Apple's iBeacon Gains 'Made For iPhone' Specification
Apple has implemented a new iBeacon specification and has begun certifying Bluetooth LE devices that utilize its iBeacon API under its Made For iPhone (MFi) program, according to a new report from Beekn.
iBeacons are physical Bluetooth low-energy transmitters that use Apple’s iBeacon API to provide micro-location information to nearby apps and devices, with an accuracy range of a few feet. iBeacons are compatible with Apple’s iPhones and iPads, as well as other devices that use Bluetooth LE, and have thus far been used primarily by retailers and other venues to provide location-specific information.
In order to use the iBeacon name, manufacturers now need to have their devices approved by Apple as part of the MFi program, similar to accessories and hardware for iOS devices. Using the term iBeacon requires manufacturers to meet specific criteria, which are only available after a non-disclosure agreement has been signed.
The new specification gives Apple more control over the iBeacon trademark, which has previously been used by several different manufacturers for various Bluetooth LE devices since iBeacons were introduced in June of 2013. It is no longer possible to use the iBeacon brand without consent from Apple.
As we've noted elsewhere, beacons that carry the iBeacon name are conforming to two things:
- They broadcast Bluetooth LE 'signals' in a way that conforms to the Apple standard for what those signals should contain
- They have use of the iBeacon trademark
Since being introduced last year, iBeacons have been used by multiple retailers and venues in order to enhance visitor experiences in retail outlets, sports arenas, and other locations. Apple has rolled out iBeacons to its own stores as well, providing location-based product information to customers.
Top Rated Comments
It's going to be great for places like museums. I hate the fact that it's going to largely used for marketing, but when other knowledge based applications come into play it'll be great.
Imagine cities and towns (like Boston) having their own tours with historical information available to you on the fly, museums that replace the antiquated audio tours with informative and dynamic interactive information right on your phone or tablet.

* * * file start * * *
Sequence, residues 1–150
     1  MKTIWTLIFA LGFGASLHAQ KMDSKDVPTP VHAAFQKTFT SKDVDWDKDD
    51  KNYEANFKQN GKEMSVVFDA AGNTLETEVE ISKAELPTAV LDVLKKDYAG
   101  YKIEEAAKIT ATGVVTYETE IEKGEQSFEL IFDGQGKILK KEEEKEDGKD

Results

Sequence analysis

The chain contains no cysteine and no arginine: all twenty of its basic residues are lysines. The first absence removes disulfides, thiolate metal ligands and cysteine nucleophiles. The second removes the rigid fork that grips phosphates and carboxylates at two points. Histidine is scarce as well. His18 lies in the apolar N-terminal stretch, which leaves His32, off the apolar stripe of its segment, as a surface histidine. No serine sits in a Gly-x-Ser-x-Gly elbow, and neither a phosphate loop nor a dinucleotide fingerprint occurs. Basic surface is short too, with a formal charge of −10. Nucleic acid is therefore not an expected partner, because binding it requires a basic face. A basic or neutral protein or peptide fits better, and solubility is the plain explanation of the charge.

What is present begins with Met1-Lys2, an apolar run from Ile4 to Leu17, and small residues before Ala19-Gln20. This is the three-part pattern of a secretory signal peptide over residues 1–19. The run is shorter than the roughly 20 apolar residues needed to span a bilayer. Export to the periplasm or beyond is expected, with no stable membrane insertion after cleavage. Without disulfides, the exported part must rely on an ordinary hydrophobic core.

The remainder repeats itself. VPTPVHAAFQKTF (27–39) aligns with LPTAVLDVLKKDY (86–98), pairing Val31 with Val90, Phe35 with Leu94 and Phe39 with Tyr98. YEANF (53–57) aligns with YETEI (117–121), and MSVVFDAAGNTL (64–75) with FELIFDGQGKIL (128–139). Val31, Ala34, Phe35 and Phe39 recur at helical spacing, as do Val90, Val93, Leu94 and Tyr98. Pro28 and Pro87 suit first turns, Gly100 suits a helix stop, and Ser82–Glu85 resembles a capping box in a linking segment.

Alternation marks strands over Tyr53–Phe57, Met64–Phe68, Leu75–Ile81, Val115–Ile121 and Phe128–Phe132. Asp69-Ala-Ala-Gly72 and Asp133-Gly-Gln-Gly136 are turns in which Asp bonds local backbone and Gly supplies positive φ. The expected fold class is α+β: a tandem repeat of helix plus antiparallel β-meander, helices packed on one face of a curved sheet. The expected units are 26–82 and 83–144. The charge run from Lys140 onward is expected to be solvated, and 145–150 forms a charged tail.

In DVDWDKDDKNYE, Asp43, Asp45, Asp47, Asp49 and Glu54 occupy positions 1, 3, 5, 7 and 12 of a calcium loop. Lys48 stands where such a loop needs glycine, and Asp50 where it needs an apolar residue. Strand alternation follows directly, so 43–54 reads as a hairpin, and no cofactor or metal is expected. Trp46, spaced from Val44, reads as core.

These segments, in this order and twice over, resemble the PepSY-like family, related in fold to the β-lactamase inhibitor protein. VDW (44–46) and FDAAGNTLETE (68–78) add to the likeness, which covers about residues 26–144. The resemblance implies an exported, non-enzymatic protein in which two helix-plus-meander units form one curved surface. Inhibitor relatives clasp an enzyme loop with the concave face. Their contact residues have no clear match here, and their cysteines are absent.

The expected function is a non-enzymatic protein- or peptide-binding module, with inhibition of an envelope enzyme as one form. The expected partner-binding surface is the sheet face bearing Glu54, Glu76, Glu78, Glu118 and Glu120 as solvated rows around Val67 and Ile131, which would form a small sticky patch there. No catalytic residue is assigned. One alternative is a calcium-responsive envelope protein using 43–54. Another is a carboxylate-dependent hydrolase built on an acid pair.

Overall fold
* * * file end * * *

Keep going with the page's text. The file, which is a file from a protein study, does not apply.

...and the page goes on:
There are many useful applications of iBeacon, lets just hope that it doesn't get drowned out by unimaginative ad agencies.
Oh... like developers do? :rolleyes:
Don't forget... market share is just what was sold this past quarter. You're completely ignoring installed base.
There are a few hundred million iPhones out in the world right now.
What's that? There are over a billion Android phones? Well... how many of those phones are complete garbage? Or more to the point... how many of those billion Android phones have Bluetooth LE ?
Every iPhone since the 4S has Bluetooth LE... and that represents a TON of customers.
Don't get hypnotized by Android's huge market share numbers. It's been proven that iPhone customers spend more money. App developers obviously realize this... and retailers who install iBeacons will too.
So what if 5 Android phones get sold for every 1 iPhone? That doesn't matter when the 1 iPhone is actually more valuable.
Uh, how do you get annoyed by something you have to opt into to use? If you don't have the app that corresponds to a given iBeacon there is NOTHING that happens on your phone.
Even in home use.
Walk into bedroom, My phone could automagically fire up plex and connect its controls to my bedroom TV
Walk into the kitchen and my phone could automagically start streaming directly to my kitchen stereo.
hop into my car, phone automatically becomes unlocked, turns on bluetooth and turns off Wifi
keep one in pocket. Phone keeps unlocked while within a few feet radius of me.
the concept behind iBeacon can have a lot of use.
and yeah, for museums and the like its a great idea too.
Back in 1999 I went to Alcatraz and took a guided walking tour with headsets. The headset was on a timed playback. you had to keep up with it. Or pause. you had to go in specific order to get the tour in correct order. You had to stay in one location long enough for the record to continue on to the next place cause you coldn't skip.
With iBeacon, They can tell you the exact exhibit you're standing in front of and beam the information / audio what not directly to your phone that way (or your phone goes and retrieves the correct tour info for that location)